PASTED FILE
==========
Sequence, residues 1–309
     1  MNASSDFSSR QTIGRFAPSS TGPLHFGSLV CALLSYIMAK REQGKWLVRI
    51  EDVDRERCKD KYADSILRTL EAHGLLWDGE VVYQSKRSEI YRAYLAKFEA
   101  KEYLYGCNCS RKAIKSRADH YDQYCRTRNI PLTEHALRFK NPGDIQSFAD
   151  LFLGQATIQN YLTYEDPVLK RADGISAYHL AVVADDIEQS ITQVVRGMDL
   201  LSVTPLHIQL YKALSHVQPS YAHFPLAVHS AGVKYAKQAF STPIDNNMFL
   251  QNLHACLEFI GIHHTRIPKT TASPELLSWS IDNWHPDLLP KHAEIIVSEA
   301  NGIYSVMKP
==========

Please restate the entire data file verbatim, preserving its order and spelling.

Sequence, residues 1–309
     1  MNASSDFSSR QTIGRFAPSS TGPLHFGSLV CALLSYIMAK REQGKWLVRI
    51  EDVDRERCKD KYADSILRTL EAHGLLWDGE VVYQSKRSEI YRAYLAKFEA
   101  KEYLYGCNCS RKAIKSRADH YDQYCRTRNI PLTEHALRFK NPGDIQSFAD
   151  LFLGQATIQN YLTYEDPVLK RADGISAYHL AVVADDIEQS ITQVVRGMDL
   201  LSVTPLHIQL YKALSHVQPS YAHFPLAVHS AGVKYAKQAF STPIDNNMFL
   251  QNLHACLEFI GIHHTRIPKT TASPELLSWS IDNWHPDLLP KHAEIIVSEA
   301  NGIYSVMKP